Seeking Part-Time Secretary
The Nodaway County Extension Council is seeking a professional, friendly and organized individual to perform customer service, website updates, event coordination and other office duties in support of the council and MU Extension staff. This position is an employee of the county’s University of Missouri Extension Council and is responsible for a variety of secretarial work and some office management for the county extension programs. Position is located at the Nodaway County Extension office in Maryville, is non-exempt, minimum of 20 hours per week. Regular work hours are set within the hours of 8:00 am-4:30 pm, Monday – Friday. Minimum requirements: high school diploma or equivalent, proficient computer skills including word, excel, and bookkeeping, effective written and verbal communication skills and a working knowledge of social media. Applications received by October 14, 2015 will be given preference. Anticipated start date will be as soon as possible. For more information, questions and application materials, please call 660-582-8101 or visit www.extension.missouri.edu/nodaway. Applications should be returned to the Nodaway County Extension Center, 403 N. Market, Room 308, Maryville, MO 64468.
Application for Employment (Word)
Application for Employment (pdf)
Position Description (pdf)
Ag Hall of Fame Nominations Needed
Nominations for the Nodaway County Agriculture Hall of Fame are being accepted through October 9 to be in consideration for the 2015 award, according to Randa Doty, University of Missouri Extension Nodaway County Program Director. The 2015 inductee will be honored at the November Farm/City Banquet on November 9.
Nomination forms are available at the University of Missouri Extension Center, 403 North Market, Room 308, Maryville. Nominations made in previous years are on file and will continue to be considered by the selection committee.
Persons nominated must have been born in Nodaway County or have spent a significant part of their lives as residents of the county. It is not necessary that activities for which this recognition is given be accomplished while the person was a resident of the County, but they must have a direct relationship to agricultural progress in the County. Some of the areas of endeavor which might make a person eligible for consideration for membership in the Hall of Fame would be: livestock improvement, crop improvement, soil and water conservation, education, government, farm organizations (general or commodity oriented), marketing and providing services. Men and women are eligible for nomination.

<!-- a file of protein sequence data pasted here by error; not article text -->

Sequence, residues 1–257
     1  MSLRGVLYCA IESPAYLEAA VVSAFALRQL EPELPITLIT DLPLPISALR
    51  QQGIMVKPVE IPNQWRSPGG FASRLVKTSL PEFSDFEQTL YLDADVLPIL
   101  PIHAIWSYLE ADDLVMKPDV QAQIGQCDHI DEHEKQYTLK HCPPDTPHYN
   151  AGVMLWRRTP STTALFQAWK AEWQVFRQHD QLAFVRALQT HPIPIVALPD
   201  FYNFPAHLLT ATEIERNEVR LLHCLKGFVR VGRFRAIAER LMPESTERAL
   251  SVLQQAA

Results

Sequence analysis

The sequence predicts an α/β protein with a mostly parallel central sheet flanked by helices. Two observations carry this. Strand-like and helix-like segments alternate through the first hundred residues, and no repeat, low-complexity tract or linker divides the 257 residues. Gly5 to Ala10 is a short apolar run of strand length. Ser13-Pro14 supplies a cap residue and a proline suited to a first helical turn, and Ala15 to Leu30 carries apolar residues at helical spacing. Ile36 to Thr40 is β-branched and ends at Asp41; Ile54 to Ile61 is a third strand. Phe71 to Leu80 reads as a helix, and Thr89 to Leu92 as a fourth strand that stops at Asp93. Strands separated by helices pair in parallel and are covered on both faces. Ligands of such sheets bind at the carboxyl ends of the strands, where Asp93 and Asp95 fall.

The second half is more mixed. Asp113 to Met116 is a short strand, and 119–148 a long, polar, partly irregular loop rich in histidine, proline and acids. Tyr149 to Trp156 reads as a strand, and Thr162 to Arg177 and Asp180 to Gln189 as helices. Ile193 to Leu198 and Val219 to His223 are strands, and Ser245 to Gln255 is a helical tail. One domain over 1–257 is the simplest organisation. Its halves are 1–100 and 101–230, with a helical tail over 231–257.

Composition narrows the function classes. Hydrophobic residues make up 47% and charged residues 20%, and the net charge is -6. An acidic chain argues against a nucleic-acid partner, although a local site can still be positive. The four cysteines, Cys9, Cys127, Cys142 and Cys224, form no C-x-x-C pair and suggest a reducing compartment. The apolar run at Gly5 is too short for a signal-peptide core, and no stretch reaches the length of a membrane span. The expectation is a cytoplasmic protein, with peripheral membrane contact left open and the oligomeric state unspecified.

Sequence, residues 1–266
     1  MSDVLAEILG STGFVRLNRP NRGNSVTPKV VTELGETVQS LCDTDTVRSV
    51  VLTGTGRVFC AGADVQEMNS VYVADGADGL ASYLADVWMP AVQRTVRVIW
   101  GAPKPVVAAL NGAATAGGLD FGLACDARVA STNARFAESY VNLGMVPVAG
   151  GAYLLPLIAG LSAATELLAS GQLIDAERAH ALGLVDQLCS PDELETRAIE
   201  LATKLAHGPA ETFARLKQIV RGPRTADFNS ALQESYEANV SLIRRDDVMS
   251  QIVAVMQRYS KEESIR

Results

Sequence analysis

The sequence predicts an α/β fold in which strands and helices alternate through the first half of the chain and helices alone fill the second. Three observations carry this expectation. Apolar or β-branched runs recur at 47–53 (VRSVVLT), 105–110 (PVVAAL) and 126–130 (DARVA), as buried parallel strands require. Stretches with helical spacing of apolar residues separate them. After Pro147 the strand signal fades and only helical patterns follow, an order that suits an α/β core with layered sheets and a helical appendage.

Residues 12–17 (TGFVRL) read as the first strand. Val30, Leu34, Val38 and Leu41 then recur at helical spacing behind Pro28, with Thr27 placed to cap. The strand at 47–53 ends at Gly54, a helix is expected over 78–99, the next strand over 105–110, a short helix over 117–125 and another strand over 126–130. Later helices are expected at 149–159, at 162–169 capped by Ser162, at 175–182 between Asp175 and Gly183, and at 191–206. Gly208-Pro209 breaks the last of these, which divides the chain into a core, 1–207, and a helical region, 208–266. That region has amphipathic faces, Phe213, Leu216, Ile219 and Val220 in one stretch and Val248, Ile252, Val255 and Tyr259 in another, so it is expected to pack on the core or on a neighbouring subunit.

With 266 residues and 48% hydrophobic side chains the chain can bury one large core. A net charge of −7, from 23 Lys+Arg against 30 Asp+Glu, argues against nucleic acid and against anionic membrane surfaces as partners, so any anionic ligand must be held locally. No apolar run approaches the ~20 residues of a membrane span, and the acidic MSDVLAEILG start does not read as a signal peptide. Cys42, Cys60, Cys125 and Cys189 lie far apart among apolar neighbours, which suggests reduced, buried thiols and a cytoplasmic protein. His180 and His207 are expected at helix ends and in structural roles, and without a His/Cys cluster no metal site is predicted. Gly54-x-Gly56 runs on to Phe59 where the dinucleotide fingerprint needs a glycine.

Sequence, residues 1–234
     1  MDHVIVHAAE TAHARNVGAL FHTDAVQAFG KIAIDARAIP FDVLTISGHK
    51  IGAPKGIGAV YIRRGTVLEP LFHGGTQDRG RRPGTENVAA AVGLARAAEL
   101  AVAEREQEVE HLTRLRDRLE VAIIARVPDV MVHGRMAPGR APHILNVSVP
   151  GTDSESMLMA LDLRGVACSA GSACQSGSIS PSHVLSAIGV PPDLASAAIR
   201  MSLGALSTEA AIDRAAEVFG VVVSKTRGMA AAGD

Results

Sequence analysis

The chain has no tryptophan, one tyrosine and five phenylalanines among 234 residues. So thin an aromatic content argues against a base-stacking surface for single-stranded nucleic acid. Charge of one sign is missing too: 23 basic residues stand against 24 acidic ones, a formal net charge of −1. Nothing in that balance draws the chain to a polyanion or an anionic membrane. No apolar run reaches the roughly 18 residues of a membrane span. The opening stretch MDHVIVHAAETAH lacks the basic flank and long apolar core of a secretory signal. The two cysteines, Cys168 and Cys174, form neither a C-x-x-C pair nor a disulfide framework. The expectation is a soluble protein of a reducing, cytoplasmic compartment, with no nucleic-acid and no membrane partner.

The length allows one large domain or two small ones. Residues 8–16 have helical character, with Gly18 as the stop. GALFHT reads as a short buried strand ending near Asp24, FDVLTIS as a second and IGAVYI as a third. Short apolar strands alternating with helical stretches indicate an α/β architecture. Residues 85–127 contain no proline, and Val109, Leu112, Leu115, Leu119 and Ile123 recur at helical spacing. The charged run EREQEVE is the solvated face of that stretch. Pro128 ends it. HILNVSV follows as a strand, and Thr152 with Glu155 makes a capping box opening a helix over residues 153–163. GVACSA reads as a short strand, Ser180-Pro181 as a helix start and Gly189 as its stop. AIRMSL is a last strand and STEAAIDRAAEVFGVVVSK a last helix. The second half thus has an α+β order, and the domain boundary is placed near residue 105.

The Hall of Fame began in 1976 to give recognition to people, past and present, who have made significant contributions to agriculture. The 2014 inductee was Eugene E. Frueh. Previous inductees include: 2013 – Steve Alexander, 2012 – Dr. Dennis Padgitt, 2011 – Claude Cline, 2010 – Vilas E. Young, 2009 – Don Hollingsworth, 2008 – Martin Suess, 2007 – Robert L. Alexander and Billy D. Kinman, 2006 – Dr. Joseph Powell, 2005 – Forrest Byergo, 2004 – Dr. James Campbell, 2003 – Dr. Alex Ching, 2002 – Pat Spire, 2001 – Paul Moyer and C.D. Bellows, 2000 – James Stiens, 1999 – Lloyd Summa, 1998 – Joe Espey, 1997 – Hale J. Sanders, 1996 – Joe Hull, 1995 – Bill Vest and John Schneider, 1994 – Ralph Clayton and Ercille T. Blackford, 1993 – Joseph Gemmeke and Byron D. Young, 1992 – Donald "Dick" Haynes, 1991 – Earl Alexander, 1990 – Harold Baldwin, 1989 – A.J. Dinsdale, 1988 – George Dalbey, 1987 – Myron E. Horton, 1986 – George H. Wilmes, 1985 – Howard Masters, 1984 – Vincent Spire, 1983 – Louis H. Ritterbusch, 1982 – LeRoy Lippman, 1981 – Albert Russell Martin and Fletcher Jones Dalbey, 1980 – Edwin B. Hamilton, 1979 – R.T. "Dick" Wright, 1978 – F.B. Houghton, Sr. and Robert D. Partridge, 1977 – John S. Bilby, James B. Prather and James Hervey Lemon, 1976 – Frank Bellows, H.C. Crane, T.W. Gaunt, W.T. Garrett and Jehu Ware.
The annual award is co-sponsored by the Maryville Chamber of Commerce and the Nodaway County University of Missouri Extension Council.
Ag Hall of Fame Nomination Form (pdf)
A Farm Woman's Involvement in the Farm: Women in Boots
By Randa Doty, Agriculture Business Specialist
Farm women take on many roles on the family farm. She may be the caretaker of the children. She may work off the farm and not have an interest in the daily operation of the farm. She may be the principle operator, or could operate the farm in partnership with her husband. A woman’s role on the farm is not the same from one operation to another. The only similarity between every farm woman is that she needs to be aware and educated about operating the family farm.